Yeah, there’s a track called Cool which is the shortest title on the album. Interesting fact, I love it so much because it’s so instinctive, it’s so led by our guts. It has a really beautiful dancing groove quality to it but it’s still kind of like rock ‘n’ roll. The lyrical content is intelligent but yet delivered in a way which is kind of throw away. Which is always a really cool thing. It’s just sick I just love it. The vocals that you hear in the first verse and the choruses, that was all the first take while I was in the groove of working out what I was going to say. It was just brilliant as soon as we started playing it. It just has this energy about it which is so unique and so different than anything that we’ve done before. So I found it incredibly refreshing. And every time I listen to it I’m still so revved up. I just can’t wait for people to hear it.
Why did you record the album in only 10 days, I mean there is plenty of time now to do whatever you want?
Like I said, we didn’t even intend to do it. It was just a happy accident. I think the combination of being completely locked away in a studio where you have all of your instruments set up, and you combine that with the excitement and the enthusiasm and the rest of the group, and the producer and the fact that this was always something we wanted to do – it was kind of like a kid who always walked past the candy store. And his mum and dad wouldn’t ever really let him have anything from that store. Then one day he finds out he can spend one afternoon in the store and then he eats the whole entire fucking thing, the whole contents of the candy store. That is what kind of happened with the group. It was like we were so on fire, we were so excited to be creating music in a way that we always wanted to, it just injected us with so much enthusiasm. Even before coming into the studio, Adam had been banking multiple riff ideas that he had, I had been writing loads of songs. I had tons of lyrics, tons of titles, it was just all systems go. Once we got into a flow, and that was definitely what it was, it was just one song after the next. We were writing three songs a day at one point. It was pretty good.
After the release of this album, do you have another project in mind?
I’ve things up my sleeve. There’s a few things. Some are Struts-related and some are not Struts-related. There is a bunch of stuff floating in the air. In The Struts world I can tell you that there’s a really good collection of really good material that we’ve put aside when we were recording what was to be the Strange Days album. There were a few ideas that were going to be added on if we were going to come out with three or four tracks. But after we came out with 10 it was quickly decided that we should consolidate, and capture, everything that we did within that specific moment in time and keep it separate. Give it its own entity. We are set on some really cool songs, some really cool stuff. Stuff which I dare say might even be stronger than this record. So, we’ll see.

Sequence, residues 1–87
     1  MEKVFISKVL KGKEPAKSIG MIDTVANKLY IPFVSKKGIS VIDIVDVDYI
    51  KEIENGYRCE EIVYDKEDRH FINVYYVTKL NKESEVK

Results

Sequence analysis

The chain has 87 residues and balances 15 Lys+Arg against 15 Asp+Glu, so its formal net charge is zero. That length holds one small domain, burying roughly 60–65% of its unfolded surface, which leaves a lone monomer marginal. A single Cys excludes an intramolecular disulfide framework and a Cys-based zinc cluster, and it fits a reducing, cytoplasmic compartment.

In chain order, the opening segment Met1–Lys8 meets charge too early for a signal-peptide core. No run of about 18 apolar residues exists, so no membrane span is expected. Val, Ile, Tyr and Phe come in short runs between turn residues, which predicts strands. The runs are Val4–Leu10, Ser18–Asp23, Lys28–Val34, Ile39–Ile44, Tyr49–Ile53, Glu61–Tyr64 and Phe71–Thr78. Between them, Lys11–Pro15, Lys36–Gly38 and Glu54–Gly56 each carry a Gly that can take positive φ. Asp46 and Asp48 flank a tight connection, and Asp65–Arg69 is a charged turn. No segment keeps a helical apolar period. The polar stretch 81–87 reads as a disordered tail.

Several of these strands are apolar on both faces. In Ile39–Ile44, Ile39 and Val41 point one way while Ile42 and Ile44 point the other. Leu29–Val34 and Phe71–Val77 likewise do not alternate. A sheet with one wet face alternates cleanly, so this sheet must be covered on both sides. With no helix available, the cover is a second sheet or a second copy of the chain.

So how did you wind up collaborating with Robbie Williams?
He contacted me a few weeks before coming into the studio. We ended up talking for two hours. I said to him “if I could show you a song, would you be interested?” And he said “yes of course” straight away. So six days into it we had all the songs and I reminded everyone that we have Robbie interested and we should do something about that. That’s when I brought up the million roses idea and thought that we should use that as a template. It had an element of Robbie’s classic work. Then we ended up recording it on his porch which was fantastic.
How fun! You did a benefit awhile ago, what was that about?
Soccer Aid in the UK. I think if we look back on it now because it’s been a month or so, it was us really kicking the door down on the United Kingdom. From that we received an extensive amount of press and we’ve actually had our very first ad on UK radio. It’s been a huge achievement for us and we got a song playing on the biggest radio station in the UK, BBC Radio 2, and it’s played about four times a day. It’s been great.
If you could send a message to the planet for everyone to hear what would it be?
“When you stumble and fall get yourself off the ground, and play your favourite song and sing it out loud.”
Do you have any final words that you haven’t said yet?
I think it’s important to say before the idea of recording “an album” happened, we went into this really just to give something to our fans during such bizarre times, just to keep people positive and entertained and provide an escapism. I hope not only that fans enjoy the record because it was written for them, but also that it puts a smile on their face. I hope that it does what my favourite music does to me and that’s puts me into a different world that inspires me and helps me to exist in this at times bizarre, bizarre world.
All words by Eileen Shapiro. More of Eileen’s writing can be found in her author’s archive.